Oodnadatta Track

The Oodnadatta Track is one of the icons of unsealed road driving in Australia.

Despite its remoteness and legendary status, the track can normally be enjoyed by grey nomads towing conventional vans or driving large rigs. It stretches 630 kilometres between Marree and Marla in South Australia and delivers some eerie and moonlike desert scenery.

Coming south from Marree, you can take an early detour to Lake Eyre. The vast salt lake is normally dry but, when it fills with water, the wildflowers, wildlife and water birds are amazing.

Springs feeding water from the Great Artesian Basin litter the track and that’s why the original Ghan railway (which ceased service in 1980) was built here. Remains of old sidings and Overland Telegraph Repeater stations can still be seen.

The Coward Springs rail siding has certainly been a welcome sight for many a dusty driver and the campground here even has a soothing bore to relax in. It’s a great place to exchange tales with fellow travellers and to learn about the area. As the track continues through the vast treeless landscape, the occasional twisted metal sculpture and sign help keep motorists interested and amused.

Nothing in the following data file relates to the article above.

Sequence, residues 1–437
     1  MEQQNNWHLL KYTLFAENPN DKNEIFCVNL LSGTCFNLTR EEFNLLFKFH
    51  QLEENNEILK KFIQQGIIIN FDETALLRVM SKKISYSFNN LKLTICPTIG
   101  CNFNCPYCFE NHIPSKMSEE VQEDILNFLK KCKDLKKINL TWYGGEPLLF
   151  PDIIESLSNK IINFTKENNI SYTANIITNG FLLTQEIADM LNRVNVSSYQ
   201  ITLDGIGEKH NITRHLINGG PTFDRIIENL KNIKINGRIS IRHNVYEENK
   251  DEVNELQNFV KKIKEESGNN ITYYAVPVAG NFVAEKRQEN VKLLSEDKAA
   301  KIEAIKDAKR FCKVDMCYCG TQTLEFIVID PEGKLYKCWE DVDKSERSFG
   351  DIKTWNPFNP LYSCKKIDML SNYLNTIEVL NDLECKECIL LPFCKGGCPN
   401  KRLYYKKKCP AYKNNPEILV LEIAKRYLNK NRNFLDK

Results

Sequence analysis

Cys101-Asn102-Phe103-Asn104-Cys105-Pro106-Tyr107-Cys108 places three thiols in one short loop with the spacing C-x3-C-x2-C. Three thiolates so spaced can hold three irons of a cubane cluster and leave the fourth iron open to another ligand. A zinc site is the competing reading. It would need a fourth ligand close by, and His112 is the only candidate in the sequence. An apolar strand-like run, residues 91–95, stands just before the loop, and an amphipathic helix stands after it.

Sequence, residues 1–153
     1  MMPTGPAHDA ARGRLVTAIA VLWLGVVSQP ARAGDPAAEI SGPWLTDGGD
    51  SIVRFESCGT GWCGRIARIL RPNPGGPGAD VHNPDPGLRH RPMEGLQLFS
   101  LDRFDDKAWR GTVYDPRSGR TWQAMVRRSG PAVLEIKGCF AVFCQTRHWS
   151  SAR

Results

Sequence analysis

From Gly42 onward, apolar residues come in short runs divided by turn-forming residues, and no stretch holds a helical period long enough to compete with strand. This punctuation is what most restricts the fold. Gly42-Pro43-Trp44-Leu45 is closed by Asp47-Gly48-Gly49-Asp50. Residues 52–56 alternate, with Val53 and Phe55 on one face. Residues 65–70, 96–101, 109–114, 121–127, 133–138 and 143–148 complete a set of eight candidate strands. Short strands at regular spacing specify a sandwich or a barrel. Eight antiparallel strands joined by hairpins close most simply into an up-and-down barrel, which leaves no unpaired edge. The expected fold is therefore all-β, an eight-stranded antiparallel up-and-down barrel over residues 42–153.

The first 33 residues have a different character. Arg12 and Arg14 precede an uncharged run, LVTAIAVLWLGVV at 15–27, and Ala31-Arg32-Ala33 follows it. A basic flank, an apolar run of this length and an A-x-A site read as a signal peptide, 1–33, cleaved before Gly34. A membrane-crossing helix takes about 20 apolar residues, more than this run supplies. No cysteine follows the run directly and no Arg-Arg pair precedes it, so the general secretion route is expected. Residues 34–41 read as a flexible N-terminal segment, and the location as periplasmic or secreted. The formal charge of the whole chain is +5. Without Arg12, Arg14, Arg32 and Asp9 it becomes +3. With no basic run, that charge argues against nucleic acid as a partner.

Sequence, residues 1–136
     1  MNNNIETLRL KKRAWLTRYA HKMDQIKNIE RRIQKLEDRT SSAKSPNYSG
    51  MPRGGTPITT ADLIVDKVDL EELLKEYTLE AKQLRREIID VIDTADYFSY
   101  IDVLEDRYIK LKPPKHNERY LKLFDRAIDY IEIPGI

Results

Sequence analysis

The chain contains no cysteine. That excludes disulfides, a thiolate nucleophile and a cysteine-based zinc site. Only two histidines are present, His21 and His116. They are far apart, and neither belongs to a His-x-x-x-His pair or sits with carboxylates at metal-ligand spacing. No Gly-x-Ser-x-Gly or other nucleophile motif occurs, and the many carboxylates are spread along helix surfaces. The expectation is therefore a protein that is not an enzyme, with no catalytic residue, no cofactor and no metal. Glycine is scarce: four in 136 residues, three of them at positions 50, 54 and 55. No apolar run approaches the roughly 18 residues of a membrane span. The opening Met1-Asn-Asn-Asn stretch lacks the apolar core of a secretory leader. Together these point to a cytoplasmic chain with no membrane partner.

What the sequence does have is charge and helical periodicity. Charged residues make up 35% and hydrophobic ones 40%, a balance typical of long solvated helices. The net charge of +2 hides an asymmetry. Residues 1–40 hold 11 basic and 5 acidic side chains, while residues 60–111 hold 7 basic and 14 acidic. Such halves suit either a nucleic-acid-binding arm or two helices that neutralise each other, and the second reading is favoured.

William Creek, which boasts a single digit population, is one of Australia’s least populated towns … unless you count the flies! The hotel is an absolute must-stop. If you’re in a 4WD you can also take a side trip to camp at Lake Eyre North.

A stop at the Pink Roadhouse is an absolute must. PIC: South Australian Tourism Commission / Harry Vick

It’s a further 200 kilometres to Oodnadatta and there are several historic sites to enjoy along the way, including the Old Peake Telegraph Station and Homestead ruins.  An artesian waterhole near Neales Crossing is a great spot to swim and camp. The hub of Oodnadatta (pop: 150) is, of course, the ever-welcoming Pink Roadhouse … and it’s well worth a stop.

A further 200 kilometres brings you to Marla, but a side trip to the Painted Desert – which is as spectacular as it sounds – is highly recommended.

Reaching the Stuart Highway again is almost a disappointment for adventure-loving travellers but for those not ready to return to the blacktop, the Strzelecki Track now beckons. That, however, is another story.



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